Bellamy v. Bradley, 729 F.2d 416, 421 (6th Cir. 1984) (citing Hays v. Jefferson County, 668 F.2d 869, 872-74 (6th Cir. 1982)); see also Mills v. City of Barbourville, 389 F.3d 568, 580 (6th Cir. 2004) ("In order to establish liability pursuant to § 1983, the plaintiff must prove that the defendant, as a supervisory official, is personally responsible for the alleged unconstitutional actions that caused his injury.... At a minimum, the plaintiff must demonstrate that a supervisory official condoned, encouraged, or knowingly acquiesced in the alleged unconstitutional misconduct.") (emphasis added in Mills; citing Bellamy, 729 F.2d at 421); Bass v. Robinson, 167 F.3d 1041, 1048 (6th Cir. 1999) (holding that § 1983 plaintiff must prove that officer "did more than play a passive role in the alleged violation or showed mere tacit approval of the goings on.... Supervisory liability under § 1983 cannot attach where the allegation of liability is based upon a mere failure to act ... and cannot be based upon simple negligence.") (citing Leach v. Shelby County Sheriff, 891 F.2d 1241, 1246 (6th Cir. 1989)).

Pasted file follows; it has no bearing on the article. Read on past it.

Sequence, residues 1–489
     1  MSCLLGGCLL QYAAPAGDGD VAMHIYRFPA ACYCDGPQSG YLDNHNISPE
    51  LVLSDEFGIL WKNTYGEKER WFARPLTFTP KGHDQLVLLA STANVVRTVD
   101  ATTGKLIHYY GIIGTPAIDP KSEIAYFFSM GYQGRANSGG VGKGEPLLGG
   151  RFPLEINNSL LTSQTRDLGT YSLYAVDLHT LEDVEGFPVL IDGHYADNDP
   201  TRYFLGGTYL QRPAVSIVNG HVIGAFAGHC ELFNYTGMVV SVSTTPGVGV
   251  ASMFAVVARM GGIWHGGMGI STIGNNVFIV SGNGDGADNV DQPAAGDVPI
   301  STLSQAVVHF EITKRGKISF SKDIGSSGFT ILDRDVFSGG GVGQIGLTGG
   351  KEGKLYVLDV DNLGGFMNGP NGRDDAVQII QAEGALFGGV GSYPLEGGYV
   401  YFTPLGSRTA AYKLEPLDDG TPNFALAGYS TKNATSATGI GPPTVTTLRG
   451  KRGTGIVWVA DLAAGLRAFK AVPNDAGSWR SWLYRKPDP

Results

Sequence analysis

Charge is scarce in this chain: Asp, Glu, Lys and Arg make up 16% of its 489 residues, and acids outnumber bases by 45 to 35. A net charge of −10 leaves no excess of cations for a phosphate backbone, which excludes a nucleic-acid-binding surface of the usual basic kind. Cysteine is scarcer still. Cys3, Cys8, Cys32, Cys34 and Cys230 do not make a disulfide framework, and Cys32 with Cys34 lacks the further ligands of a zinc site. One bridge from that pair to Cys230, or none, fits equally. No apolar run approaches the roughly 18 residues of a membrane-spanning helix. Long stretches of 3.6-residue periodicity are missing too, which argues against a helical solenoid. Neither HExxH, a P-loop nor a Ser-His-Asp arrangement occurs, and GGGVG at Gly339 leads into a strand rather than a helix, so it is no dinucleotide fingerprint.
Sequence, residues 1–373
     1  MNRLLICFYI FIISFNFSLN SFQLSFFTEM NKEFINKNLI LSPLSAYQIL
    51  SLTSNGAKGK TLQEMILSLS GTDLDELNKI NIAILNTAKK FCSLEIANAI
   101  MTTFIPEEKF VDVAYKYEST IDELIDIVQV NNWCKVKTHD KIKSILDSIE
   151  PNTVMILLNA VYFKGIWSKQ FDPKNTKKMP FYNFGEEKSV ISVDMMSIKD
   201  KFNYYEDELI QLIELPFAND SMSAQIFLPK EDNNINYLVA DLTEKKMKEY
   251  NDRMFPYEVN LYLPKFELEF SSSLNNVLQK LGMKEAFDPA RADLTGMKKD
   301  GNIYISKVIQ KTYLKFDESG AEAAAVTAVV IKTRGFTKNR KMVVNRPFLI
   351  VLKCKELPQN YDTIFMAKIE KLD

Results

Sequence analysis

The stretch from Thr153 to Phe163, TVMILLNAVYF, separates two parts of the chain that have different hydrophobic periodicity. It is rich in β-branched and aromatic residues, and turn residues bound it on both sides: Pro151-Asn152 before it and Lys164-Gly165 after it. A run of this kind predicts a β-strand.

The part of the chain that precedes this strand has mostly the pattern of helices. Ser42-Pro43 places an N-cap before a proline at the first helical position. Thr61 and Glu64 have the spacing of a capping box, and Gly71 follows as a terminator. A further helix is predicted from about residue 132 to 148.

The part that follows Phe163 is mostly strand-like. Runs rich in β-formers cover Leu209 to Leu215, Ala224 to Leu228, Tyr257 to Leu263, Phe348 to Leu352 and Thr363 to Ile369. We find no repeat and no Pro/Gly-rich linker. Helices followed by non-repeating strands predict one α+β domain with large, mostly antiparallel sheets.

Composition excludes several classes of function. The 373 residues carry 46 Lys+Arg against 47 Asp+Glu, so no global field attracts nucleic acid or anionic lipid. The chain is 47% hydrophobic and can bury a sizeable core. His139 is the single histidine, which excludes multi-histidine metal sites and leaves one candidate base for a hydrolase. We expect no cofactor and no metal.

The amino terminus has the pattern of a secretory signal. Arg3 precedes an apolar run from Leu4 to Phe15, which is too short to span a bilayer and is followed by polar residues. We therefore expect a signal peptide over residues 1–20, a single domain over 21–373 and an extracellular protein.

There is little question that the supervisory Defendants were responsible for Plaintiff's well-being while incarcerated at the City of Taylor jail. The City of Taylor has a written policy which provides:

The supervisor-in-charge of the station shall be responsible for the proper care and treatment of prisoners while they are in the station, and for making sure that all policies and procedures concerning prisoner processing are followed.